Power and honor are attractive temptations. Power is alluring because we want to be in control. Many of us believe that control provides security and safety. Many of us believe that power provides access and control over our environment and situations as they arise. Honor has an attraction also because we want to belong, we want to be a part of. With honor and fame, we believe we will be accepted, liked, have access, without the risk of rejection.
Power and honor become a problem when they are grounded in our self and when we feel we attain them on our own initiative. They become an asset if we recognize them as gifts from God that help us to promote his kingdom. In and of themselves, power and honor are finite expressions. If they are only fueled by our insatiable desire to put our self first, front and center, we will not only constantly fall short, but we will constantly be seeking more because nothing finite can fulfill the transcendental hunger that we have to belong to someone so much greater than ourselves.
The disciples of Jesus fell for the temptations of power and honor in today’s Gospel from Mark. Jesus had just shared with them that he was to be handed over and killed and that he will rise again. The disciples do not understand what Jesus was saying to them and instead grasped at their idea of what the Messiah meant to them based on their experience and culture. He would be a powerful ruler, and so they began to jockey among themselves for seats of honor in his kingdom.
Jesus was aware that the disciples were squabbling about who among them would be the greatest, even though they were not willing to admit to that fact. He then sat down among them and said: “If anyone wishes to be first, he shall be the last of all and the servant of all” (Mk 9:35). Power and honor do not come by being served. True power and honor come from the source of all existence, God the Creator. Nor is the infinite power of God some impersonal force that we tap into.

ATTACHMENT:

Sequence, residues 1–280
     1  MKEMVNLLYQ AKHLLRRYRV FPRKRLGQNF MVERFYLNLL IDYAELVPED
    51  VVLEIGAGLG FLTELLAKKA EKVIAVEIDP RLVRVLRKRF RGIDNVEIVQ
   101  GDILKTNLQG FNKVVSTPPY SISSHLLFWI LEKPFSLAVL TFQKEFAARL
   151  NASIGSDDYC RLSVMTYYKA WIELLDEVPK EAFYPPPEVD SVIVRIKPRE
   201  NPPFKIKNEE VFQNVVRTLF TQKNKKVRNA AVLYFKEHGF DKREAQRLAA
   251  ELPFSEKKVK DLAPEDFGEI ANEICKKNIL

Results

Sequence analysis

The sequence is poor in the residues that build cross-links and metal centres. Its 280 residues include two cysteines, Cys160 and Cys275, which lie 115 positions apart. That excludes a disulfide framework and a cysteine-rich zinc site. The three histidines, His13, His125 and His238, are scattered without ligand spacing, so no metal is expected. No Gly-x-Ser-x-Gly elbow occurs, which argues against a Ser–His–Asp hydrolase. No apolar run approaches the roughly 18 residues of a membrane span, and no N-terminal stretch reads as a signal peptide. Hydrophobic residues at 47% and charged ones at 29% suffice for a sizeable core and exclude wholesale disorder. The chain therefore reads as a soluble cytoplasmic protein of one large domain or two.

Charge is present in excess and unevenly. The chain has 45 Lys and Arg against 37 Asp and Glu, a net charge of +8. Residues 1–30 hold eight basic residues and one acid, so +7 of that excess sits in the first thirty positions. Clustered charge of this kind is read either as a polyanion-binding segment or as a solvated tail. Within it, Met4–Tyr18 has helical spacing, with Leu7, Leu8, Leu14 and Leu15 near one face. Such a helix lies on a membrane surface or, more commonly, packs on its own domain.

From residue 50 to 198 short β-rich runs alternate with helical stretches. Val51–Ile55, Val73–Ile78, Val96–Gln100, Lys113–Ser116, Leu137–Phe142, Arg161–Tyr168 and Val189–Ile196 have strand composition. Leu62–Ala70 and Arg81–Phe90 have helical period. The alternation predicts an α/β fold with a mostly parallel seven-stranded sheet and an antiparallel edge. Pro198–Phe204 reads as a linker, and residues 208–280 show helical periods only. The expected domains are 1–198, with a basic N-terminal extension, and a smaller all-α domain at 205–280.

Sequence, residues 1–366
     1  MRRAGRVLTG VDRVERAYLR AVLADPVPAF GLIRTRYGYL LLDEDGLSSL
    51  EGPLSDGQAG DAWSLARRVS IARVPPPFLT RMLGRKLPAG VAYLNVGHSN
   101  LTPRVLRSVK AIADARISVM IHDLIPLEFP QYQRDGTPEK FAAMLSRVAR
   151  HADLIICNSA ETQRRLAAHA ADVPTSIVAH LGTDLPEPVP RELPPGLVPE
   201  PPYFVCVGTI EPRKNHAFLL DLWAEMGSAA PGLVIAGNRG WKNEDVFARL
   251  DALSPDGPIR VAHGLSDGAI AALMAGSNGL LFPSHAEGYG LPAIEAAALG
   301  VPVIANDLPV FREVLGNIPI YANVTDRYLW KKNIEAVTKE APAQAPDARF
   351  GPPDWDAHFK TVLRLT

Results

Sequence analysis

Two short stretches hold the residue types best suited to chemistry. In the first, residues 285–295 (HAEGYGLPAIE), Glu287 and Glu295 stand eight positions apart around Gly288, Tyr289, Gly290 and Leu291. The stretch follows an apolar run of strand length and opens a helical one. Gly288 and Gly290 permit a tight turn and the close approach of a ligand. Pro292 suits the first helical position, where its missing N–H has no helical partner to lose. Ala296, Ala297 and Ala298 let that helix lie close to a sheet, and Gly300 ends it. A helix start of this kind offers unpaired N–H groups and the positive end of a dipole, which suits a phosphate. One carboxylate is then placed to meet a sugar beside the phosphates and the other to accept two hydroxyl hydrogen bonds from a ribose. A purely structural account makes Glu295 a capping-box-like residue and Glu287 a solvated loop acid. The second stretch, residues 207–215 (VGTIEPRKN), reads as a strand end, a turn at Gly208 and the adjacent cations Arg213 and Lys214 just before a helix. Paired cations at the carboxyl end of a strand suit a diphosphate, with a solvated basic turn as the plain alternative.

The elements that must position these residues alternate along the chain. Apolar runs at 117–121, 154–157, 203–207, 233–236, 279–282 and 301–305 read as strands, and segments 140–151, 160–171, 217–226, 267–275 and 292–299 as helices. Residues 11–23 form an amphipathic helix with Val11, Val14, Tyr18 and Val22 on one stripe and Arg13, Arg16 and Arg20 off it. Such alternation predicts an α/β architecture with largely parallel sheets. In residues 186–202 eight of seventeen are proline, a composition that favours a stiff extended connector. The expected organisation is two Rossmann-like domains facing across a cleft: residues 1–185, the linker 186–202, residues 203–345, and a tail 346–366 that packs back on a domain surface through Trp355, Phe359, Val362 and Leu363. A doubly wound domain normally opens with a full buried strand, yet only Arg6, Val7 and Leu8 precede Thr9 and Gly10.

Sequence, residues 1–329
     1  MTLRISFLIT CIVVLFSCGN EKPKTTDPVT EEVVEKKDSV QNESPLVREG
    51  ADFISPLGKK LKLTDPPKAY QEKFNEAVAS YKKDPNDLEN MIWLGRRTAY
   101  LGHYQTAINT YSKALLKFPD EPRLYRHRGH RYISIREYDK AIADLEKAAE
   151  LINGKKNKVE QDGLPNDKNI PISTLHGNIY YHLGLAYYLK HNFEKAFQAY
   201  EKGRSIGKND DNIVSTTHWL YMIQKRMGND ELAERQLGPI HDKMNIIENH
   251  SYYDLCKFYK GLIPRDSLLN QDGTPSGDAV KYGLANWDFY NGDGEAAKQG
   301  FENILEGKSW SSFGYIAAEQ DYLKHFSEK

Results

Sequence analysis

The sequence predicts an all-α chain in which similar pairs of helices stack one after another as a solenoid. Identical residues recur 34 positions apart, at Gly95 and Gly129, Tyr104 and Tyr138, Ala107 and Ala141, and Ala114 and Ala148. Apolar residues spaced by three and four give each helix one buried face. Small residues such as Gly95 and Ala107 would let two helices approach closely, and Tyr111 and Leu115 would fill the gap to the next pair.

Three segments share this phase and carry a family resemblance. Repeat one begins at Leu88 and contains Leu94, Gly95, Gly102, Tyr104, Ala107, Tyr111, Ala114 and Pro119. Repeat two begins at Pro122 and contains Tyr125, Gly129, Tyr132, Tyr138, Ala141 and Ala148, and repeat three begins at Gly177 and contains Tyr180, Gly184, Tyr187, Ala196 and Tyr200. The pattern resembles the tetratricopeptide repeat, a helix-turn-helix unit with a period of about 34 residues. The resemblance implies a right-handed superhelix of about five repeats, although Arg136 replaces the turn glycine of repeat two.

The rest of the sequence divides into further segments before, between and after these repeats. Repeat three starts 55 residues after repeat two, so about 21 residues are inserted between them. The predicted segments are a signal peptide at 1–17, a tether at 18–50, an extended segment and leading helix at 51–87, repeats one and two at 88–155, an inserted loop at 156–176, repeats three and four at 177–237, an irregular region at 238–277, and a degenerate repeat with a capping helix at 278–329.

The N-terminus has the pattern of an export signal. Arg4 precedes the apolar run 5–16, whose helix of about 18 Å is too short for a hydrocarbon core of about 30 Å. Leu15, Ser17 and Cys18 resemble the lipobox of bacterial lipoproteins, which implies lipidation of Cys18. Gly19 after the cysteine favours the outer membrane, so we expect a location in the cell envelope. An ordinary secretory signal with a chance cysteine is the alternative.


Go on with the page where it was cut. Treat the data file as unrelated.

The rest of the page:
True power is trusting not in the material and finite things of the world because they are unstable. True power comes from God, the one who is omnipotent, all-powerful, and worthy of all honor and praise. We receive the power of God by experiencing, developing, and sustaining our relationship with him, through participation in the life of his Son and the Love of the Holy Spirit. The path of discipleship is traveled not by those who are worthy but by those willing to follow the lead of Jesus, submitting to his will, embracing the gifts that the Holy Spirit grants us, and sharing what we have received with others.
Lent begins tomorrow. May we be willing to relinquish our perceived access of control in a fallen world that is ever unstable and changing and instead place our hope and trust in the one who is our destiny, who is our hope, our refuge, and our strength. Let us let go of the desire to be liked and adored by the fickleness of others and instead strive to be true to who we are called to be. May others see no longer us but Jesus shining through us in our acts of service, kindness, accompaniment, and love.
My classmates and I prostrating ourselves during our ordination, as a sign of our dying to self so to rise as servants of Christ. Photo credit Deacon Mike Miller
Link for the Mass readings for Tuesday, February 25, 2020

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